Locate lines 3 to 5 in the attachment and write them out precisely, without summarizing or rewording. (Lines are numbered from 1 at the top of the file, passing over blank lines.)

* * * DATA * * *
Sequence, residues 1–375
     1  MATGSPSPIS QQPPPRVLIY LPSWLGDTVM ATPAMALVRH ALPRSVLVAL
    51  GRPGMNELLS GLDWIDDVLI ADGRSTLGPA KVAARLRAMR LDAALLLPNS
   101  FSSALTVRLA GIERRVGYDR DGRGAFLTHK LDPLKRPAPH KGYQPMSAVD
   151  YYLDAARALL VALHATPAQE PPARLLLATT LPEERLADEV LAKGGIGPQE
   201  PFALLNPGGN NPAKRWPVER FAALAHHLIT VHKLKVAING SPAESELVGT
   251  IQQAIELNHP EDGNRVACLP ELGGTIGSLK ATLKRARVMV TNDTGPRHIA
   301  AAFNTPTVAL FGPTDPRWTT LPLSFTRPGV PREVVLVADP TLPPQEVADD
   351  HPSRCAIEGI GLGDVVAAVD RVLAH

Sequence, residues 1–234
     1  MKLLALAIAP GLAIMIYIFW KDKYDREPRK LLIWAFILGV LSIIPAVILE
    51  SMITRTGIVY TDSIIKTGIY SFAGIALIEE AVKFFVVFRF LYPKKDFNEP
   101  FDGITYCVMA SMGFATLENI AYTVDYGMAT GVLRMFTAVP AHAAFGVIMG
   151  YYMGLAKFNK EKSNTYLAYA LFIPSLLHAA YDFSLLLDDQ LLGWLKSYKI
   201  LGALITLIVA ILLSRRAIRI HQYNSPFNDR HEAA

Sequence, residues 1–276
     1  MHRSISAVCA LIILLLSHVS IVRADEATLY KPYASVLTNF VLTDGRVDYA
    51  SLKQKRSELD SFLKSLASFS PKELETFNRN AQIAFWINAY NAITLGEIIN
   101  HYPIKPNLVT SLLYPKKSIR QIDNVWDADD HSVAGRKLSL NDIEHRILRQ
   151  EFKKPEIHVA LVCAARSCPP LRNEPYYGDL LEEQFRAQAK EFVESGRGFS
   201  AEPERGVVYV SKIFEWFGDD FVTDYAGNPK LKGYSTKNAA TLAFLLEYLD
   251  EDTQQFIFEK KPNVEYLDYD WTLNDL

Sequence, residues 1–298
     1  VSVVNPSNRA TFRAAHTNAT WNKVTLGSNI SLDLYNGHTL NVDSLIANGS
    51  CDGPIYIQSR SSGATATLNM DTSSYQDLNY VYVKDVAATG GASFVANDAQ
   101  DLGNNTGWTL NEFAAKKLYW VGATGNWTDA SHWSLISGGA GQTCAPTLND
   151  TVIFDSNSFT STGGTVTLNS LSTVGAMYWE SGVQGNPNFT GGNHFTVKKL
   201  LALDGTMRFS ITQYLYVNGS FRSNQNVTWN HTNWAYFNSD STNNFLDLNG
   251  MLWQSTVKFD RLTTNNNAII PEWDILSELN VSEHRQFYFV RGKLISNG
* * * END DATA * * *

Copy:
    51  GRPGMNELLS GLDWIDDVLI ADGRSTLGPA KVAARLRAMR LDAALLLPNS
   101  FSSALTVRLA GIERRVGYDR DGRGAFLTHK LDPLKRPAPH KGYQPMSAVD
   151  YYLDAARALL VALHATPAQE PPARLLLATT LPEERLADEV LAKGGIGPQE